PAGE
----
• Increasing demand for renewable and domestic energy and materials has led to an accelerated research effort in developing biomass-derived fuels and chemicals. (umass.edu)
  • One sustainable feedstock for renewable C6 aromatic chemicals is sugars produced by the saccharification of biopolymers (e.g., cellulose, hemicellulose). (umass.edu)
  • This increased understanding of the transformation of DMF and ethylene to p -xylene will aid in the development of a variety of renewable aromatics from biomass derived furans. (umass.edu)
  • According to Liang-Shih Fan, a professor in Chemical and Biomolecular Engineering and lead on the study, renewable energy sources are the future. (naturalnews.com)
  • Methanol can be derived from a variety of carbon resources, such as natural gas or shale gas, coal, biomass, and carbon dioxide, and is an abundant and renewable one-carbon (C 1 ) building block 1 . (nature.com)
  • Recycling carbon dioxide and powering the chemical reactions with renewable energy. (diamond.ac.uk)
  • Chemical looping is capable of acting as a stopgap technology that can provide clean electricity until renewable energies such as solar and wind become both widely available and affordable, the engineers said. (eurekalert.org)
  • With the worldwide rising demand for a decreased dependence on fossil resources, the conversion of abundant and renewable biomass resources into chemicals and fuels has attracted much attention in recent years. (rsc.org)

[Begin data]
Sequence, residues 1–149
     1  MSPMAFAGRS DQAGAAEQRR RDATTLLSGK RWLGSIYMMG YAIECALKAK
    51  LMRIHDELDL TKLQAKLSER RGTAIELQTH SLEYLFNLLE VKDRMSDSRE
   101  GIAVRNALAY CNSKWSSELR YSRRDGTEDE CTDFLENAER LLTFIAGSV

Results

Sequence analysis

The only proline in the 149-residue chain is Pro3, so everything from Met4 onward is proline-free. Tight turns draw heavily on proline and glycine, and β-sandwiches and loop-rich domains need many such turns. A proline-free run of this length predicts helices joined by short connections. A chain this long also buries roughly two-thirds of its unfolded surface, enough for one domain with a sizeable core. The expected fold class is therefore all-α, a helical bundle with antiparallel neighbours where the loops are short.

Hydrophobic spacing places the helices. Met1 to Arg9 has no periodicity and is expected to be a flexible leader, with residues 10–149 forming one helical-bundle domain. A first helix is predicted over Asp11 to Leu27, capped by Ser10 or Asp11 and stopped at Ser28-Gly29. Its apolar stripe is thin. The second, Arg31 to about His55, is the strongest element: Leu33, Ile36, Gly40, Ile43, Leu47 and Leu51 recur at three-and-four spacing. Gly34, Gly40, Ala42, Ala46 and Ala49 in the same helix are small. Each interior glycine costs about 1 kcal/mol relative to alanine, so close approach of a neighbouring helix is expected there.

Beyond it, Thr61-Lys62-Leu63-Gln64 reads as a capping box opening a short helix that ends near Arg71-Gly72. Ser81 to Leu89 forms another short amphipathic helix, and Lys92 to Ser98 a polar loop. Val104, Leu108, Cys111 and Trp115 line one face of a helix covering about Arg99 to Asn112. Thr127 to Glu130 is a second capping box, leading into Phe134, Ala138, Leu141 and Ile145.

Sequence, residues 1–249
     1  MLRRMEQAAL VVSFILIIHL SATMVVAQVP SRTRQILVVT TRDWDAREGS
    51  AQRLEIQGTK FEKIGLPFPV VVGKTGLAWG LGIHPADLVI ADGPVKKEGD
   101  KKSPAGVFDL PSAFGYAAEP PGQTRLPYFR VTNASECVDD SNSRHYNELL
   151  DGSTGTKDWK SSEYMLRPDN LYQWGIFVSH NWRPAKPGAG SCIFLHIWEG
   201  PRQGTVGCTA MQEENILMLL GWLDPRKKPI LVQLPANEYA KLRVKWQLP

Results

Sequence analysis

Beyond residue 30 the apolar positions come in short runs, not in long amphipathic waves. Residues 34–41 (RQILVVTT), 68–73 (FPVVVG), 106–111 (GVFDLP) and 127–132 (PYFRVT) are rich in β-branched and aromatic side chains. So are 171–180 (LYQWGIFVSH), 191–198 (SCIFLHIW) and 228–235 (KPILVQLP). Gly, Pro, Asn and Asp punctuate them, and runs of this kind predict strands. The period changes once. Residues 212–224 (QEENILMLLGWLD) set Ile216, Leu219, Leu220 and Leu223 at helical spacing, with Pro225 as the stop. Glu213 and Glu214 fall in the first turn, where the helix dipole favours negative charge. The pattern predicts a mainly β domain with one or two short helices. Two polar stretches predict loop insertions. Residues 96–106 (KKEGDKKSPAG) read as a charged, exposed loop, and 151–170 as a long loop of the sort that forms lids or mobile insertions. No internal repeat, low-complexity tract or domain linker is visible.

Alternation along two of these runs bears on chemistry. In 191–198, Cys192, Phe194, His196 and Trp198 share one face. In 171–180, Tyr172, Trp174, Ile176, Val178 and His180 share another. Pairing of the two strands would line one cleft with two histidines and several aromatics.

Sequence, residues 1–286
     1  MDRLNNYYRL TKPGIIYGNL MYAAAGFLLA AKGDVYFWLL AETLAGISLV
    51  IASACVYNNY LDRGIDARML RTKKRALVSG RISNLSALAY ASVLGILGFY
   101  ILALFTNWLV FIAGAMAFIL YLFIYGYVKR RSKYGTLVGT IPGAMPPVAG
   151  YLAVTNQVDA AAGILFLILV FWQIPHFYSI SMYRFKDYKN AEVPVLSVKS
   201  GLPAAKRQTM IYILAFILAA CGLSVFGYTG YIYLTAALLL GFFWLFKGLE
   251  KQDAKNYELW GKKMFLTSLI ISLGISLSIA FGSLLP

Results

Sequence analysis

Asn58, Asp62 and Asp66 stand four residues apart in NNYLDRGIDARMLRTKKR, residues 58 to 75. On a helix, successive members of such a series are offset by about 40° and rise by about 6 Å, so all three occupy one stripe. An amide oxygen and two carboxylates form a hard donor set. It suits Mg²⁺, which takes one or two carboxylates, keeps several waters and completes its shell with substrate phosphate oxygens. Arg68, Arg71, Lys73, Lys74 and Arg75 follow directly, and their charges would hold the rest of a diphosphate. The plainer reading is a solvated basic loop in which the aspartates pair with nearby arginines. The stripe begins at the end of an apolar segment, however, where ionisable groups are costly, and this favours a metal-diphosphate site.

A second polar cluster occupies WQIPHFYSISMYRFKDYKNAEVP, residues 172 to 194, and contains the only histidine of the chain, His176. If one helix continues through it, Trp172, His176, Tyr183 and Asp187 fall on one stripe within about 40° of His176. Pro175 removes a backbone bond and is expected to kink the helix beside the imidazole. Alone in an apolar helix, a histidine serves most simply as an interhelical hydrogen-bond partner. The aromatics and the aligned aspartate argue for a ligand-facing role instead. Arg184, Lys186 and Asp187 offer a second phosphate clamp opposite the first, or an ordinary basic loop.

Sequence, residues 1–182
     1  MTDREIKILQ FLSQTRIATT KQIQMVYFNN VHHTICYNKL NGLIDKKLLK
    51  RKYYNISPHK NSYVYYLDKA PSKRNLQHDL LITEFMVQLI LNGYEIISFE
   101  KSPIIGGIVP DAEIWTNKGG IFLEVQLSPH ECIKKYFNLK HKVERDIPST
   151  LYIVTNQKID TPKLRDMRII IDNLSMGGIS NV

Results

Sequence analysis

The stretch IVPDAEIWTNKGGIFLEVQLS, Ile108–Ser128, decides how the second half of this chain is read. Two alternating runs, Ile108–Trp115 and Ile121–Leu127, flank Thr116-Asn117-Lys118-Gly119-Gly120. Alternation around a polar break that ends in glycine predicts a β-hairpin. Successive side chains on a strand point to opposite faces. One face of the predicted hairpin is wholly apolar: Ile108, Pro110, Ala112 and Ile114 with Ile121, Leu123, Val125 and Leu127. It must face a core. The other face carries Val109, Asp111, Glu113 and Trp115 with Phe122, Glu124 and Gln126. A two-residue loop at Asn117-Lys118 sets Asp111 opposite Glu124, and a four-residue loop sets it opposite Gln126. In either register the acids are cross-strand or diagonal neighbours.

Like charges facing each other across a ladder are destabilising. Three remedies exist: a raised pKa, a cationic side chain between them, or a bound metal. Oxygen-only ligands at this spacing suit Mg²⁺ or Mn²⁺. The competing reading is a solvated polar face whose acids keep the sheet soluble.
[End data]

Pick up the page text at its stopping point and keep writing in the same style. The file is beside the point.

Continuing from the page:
• Sustainable, renewable and reliable resources of domestically produced biomass together with wind and solar energy are sensible options to support a small-scale power generation to meet local electricity demand plus provide heat for rural development. (scribd.com)
  • Biomass can serve as a renewable alternative to the inevitably depleting fossil fuel resources and provide feedstocks for the production of fuels and chemicals. (mit.edu)
  • As we move away from oil as a source of petrochemicals, the methanol-to-olefin (MTO) process is becoming a key step in the route from inexpensive, plentiful and even renewable feeds like gas, coal and biomass, to the chemical building blocks we depend on every day. (esrf.eu)
  • We focus on the chemical storage and utilization of renewable electricity in applications including sustainable fuels for mobility and indispensable products of the chemical industry. (mpg.de)
  • Storage and transportation of renewable electricity (hydrogen and its transport forms), fuels for mobility and materials from chemical industry transformations are target areas. (mpg.de)
  • At Falling Walls Prof Schlögl will explain how his efforts to bridge the gap between surface science and chemical engineering in the field of oxidation catalysis will help realize the dream of renewable energy. (falling-walls.com)
  • and then we have renewable energies (these are the green ones): hydroelectric, wind, photovoltaics and biomass. (falling-walls.com)
  • A new biomass-based industry supported by venture capitalists, government funding, and big oil is rising to convert plant sugars (carbohydrates) into conventional liquid transportation fuels (hydrocarbons) that can be used to boost fuel supplies until a permanent renewable transportation solution can take hold-namely solar- or hydrogen-powered electric cars. (acs.org)
  • Although biomass energy is renewable, it is not clean, and when burned, like other conventional fuels, it produces pollution. (thermalfluidscentral.com)